Alleyne presses ahead
Principal knocks bad influences of parents on students
Parents are one of the biggest problems facing education today, says Alleyne School principal Julia Beckles.
Addressing Alleyne’s Annual Speech Day yesterday in the school’s auditorium at Belleplaine in St Andrew, Beckles said the issue educators faced was the undermining influence of parents and guardians on students.
“We will continue to struggle to build a high performance culture in schools until parents and guardians return to valuing education,” she said, while stressing that the Alleyne School would continue to devise methods to assist parents.
For the academic year 2012–2013, the rural school recorded significant improvements. The overall school’s percentage pass mark was 84 per cent, an improvement over the year 2011–2012 when it stood at 78 per cent.
Excellent results were recorded in agricultural science, EDPM, food and nutrition, home management, history, social studies, Spanish, social studies, theatre arts and woods, in which students attained 100 per cent passes.
Outstanding results were also reported in English A, English B, information technology, integrated science and principles of business.
In most of the other subjects, commendable performances were registered. Beckles applauded her staff for the achievements made with the students. Nevertheless, she noted that there was still much work to be done so as to avoid any students falling through the cracks.
“In reviewing most organizations one views the bottomline as the measure of financial health. In schools the results at CSEC are considered the school’s bottomline,” the principal said.
“If this measure is applied, then the Alleyne School will be deemed a healthy organization. However, in the midst of our celebrations we are not oblivious to the reality that there are many students who are not represented by this 84 per cent.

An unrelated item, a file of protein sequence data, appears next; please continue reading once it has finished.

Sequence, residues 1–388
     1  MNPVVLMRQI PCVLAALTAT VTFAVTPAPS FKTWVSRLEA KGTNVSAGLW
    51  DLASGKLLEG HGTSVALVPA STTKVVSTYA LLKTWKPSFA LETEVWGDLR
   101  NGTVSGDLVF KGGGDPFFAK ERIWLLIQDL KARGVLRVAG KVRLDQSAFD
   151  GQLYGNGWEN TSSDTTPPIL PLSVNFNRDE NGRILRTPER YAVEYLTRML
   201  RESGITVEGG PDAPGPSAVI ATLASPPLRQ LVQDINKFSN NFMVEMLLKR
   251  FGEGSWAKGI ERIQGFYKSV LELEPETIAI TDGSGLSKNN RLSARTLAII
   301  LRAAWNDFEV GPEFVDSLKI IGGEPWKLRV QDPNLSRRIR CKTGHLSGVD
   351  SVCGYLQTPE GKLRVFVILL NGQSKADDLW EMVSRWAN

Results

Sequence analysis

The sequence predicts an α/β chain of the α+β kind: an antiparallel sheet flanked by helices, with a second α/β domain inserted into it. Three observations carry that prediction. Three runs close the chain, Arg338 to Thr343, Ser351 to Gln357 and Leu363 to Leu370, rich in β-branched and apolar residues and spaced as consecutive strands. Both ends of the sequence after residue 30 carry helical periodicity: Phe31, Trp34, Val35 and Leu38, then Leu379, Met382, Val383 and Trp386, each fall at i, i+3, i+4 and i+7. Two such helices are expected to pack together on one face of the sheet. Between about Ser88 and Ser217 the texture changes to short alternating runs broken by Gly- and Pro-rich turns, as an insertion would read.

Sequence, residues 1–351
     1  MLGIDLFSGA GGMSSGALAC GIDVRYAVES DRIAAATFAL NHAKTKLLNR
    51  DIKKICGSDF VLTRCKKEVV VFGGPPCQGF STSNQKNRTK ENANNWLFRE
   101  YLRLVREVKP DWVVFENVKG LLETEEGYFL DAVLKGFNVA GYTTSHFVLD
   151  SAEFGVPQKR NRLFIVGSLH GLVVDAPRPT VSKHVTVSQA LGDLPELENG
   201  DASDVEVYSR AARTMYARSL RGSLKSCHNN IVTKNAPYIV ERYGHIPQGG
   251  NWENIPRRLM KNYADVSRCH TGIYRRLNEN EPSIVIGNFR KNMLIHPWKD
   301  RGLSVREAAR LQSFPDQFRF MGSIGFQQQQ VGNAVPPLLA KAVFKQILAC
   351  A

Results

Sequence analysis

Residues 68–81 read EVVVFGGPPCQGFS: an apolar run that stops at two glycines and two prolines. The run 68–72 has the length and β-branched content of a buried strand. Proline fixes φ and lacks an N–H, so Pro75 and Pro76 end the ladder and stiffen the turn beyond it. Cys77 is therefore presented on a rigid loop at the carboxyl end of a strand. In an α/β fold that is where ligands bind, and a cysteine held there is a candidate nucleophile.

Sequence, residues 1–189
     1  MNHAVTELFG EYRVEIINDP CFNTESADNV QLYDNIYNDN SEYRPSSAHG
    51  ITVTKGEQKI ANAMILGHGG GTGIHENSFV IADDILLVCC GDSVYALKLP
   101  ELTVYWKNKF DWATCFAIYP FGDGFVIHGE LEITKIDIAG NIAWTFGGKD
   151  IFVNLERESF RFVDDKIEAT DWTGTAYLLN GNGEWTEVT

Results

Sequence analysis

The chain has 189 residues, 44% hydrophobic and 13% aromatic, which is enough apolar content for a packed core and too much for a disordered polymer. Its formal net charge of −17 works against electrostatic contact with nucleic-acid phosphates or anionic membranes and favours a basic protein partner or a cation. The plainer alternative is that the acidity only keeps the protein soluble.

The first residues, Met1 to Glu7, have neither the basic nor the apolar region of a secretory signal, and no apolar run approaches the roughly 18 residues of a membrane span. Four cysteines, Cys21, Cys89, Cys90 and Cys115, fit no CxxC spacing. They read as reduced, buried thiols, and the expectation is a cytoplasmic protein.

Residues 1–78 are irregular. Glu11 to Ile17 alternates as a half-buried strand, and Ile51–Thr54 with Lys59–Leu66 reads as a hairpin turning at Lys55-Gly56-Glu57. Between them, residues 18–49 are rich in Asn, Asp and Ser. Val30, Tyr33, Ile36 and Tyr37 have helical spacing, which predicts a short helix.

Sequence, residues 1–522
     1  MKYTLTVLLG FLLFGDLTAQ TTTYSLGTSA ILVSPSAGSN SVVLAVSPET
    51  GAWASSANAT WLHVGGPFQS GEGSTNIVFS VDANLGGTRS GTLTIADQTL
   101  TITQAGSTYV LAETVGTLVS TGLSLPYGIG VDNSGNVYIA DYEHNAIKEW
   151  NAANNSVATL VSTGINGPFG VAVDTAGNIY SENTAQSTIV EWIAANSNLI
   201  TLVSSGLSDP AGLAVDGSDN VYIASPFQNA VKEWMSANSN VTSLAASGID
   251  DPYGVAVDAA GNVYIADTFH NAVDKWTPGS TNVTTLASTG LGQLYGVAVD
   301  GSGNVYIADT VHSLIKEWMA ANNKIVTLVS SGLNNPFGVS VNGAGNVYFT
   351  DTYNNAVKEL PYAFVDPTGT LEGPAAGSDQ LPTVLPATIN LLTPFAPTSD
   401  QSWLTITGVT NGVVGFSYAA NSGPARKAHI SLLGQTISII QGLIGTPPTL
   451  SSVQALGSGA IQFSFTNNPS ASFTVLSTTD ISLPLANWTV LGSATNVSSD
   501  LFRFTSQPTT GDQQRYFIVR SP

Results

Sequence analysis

“We are concerned that oft-times we begin with large numbers of students who do not make the journey to CSEC. We are also concerned about those who even after being given a second chance, in the fourth year are unable to write the exams.
“As a team we desire that more of our children experience this sense of achievement. In light of this, we need to revisit the options which our students make at the fourth year as well as implement some new initiatives with a bid to improving our numbers at CSEC while maintaining our high grade profile,” she added.
This year there was also more to shout about in terms of the boys. There was a noticeable increase in the number of them who made the honour roll, and Beckles said she looked forward to this becoming the norm in the future.
Of those males, Shemar Yearwood was the Most Outstanding Student. He attained six Grade 1 passes and three Grade 3s. He was also declared the Most Disciplined And Exemplary Student and won the Stoute-Mapp Shield For Leadership and the Canadian Alumni Scholarship, among a host of other prizes. Other top students were Shanice Connell, who received six Grade 2 passes and two Grade 3s. She was awarded the Gwendolyn Griffth–Robinson Shield For Helpfulness and the Mona Haynes Memorial Prize For Honest Endeavour.
Katelyn Bryan was awarded for her outstanding achievements by making the Principal’s Honour Roll.